The red neon sign displaying a moving martini glass with the words underneath “shaken, not stirred” leaves no doubt as to what awaits one inside “The M Bar & Restaurant”. The only thing more adventurous than the menu is finding a table in New Grace’s new hot spot. It has quickly become the local in-place to be. Nestled inside the multi-million dollar newly renovated Blair Hotel, it gives new meaning to the term “unique experiences in dining”.
The hush of the hotel’s interior catches you completely off-guard – coming in from the traffic off Sherman Circle. We passed through Corinthian columns into an atrium lobby five stories high featuring a 27-foot-tall indoor waterfall. Once inside the restaurant, exposed-filament lightbulbs and brick walls lend the rooms a fashionably rustic vibe. A large clock embedded in a stained-glass window provides a colorful filter for the sunlight during the day and a catchy conversation piece at any time. I must admit though, it’s a bit hard to have a conversation above the stereo that booms incessantly.
Our hostess directed me and my dining companions to the large stone bar where we sampled a gauntlet of martinis. Their martini menu is quite extensive and impressive: blue martinis with vodka, blue Curacao and bitters; Kahlua coffee martinis with vodka, instant coffee and vanilla extract and my favorite – sweet cranberry martinis with vodka, cranberry juice and Cointreau. The least adventurous among our group ordered the old stand-by, a Gibson – gin, vermouth and a pickled onion. There’s even a riff on the omnipresent pomegranate. A splendid pomegranate Tanqueray martini – pomegranate juice, vodka and lemon juice, Cointreau liqueur and sugar. Each patrons’ drink is accompanied by an array of tapas. They serve salted almonds, chicken livers in a vibrant sherry sauce, tiny Spanish meatballs in almond sauce, fried manchego cheese and crispy chicken and ham croquettes. No one in our group was up for the more challenging dish, miniature wasabi sea urchin.
Chef Chris Nelson’s, a Johnson & Wales alumni, menu is organized into four serving sizes, ranging from small tapas to shared entrees. Stick with the small tapas although at six bucks a pop you could easily go broke. Once at our table we ordered the Spanish omelet, filled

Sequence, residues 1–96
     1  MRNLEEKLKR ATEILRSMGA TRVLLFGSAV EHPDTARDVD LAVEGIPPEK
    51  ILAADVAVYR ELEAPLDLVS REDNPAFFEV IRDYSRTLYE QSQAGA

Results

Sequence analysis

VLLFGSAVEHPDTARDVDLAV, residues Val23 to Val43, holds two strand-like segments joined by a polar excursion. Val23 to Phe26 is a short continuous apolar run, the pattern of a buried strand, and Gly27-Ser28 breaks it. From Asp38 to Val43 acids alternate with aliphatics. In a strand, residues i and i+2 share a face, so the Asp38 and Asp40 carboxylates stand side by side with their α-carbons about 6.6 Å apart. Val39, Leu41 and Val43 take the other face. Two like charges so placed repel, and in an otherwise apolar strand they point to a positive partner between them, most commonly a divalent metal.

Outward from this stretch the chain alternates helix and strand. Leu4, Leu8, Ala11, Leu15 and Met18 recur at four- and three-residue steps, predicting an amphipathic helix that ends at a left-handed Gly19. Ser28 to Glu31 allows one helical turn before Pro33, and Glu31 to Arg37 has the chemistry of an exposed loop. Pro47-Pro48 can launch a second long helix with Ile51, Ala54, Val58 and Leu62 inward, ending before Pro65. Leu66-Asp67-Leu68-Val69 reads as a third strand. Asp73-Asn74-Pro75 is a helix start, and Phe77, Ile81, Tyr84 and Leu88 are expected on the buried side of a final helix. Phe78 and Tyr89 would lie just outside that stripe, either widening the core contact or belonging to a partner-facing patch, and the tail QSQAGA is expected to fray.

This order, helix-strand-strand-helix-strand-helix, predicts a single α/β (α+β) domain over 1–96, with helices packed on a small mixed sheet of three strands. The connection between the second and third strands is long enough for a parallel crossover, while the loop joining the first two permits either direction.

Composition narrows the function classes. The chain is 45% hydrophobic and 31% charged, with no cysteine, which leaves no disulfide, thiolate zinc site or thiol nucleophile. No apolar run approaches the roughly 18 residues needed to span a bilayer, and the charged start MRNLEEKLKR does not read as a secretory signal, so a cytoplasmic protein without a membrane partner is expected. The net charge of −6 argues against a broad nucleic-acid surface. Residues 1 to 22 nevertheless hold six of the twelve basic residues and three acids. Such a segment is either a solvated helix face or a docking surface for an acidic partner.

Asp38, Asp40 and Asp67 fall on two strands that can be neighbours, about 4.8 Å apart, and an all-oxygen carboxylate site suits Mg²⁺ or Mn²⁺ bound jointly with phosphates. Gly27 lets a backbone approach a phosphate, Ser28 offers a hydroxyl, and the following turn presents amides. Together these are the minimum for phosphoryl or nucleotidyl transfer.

w/potatoes and onions; a beautiful egg poached in oil and served over zucchini, peppers, peas; and roasted asparagus atop a mild, smoky chorizo and fried bread. Stuffing a tangy Spanish blue cheese and almonds into dates, and then wrapping the whole thing w/bacon was heavenly. The kitchen’s palate-teasing dexterity with flavors and texture continue with the scallops in saffron sauce and a straight-form-the Greenmarket dish of sugar-snap peas with a fiery wasabi vinaigrette, an inspired pairing.
Although I can testify to the importance of drinking booze when eating tapas, I certainly wouldn’t have given a thought to serving martinis along with tapas (my taste runs towards Spanish Sherries). That The M Bar has managed to pull it off is quite an achievement,
especially for a reasonably small city in the South. It gives testament to vision of Addison Davies, the owner and the sophistication and urbanity of New Grace. Also thanks to the very talented Chef Nelson and his staff, The M Bar delivers the kind of inventive, seasonal small-plates cuisine that will have New Grace clamoring without having to go far from home to sample a menu that is popular throughout the country. This kitchen churns out impeccable contemporary Spanish dishes that can work diners into a state of euphoria. I’ve promised myself that on my next visit I will try the espresso martini, vanilla vodka, coffee liqueur, hazelnut liqueur and Irish cream. Sounds intoxicating.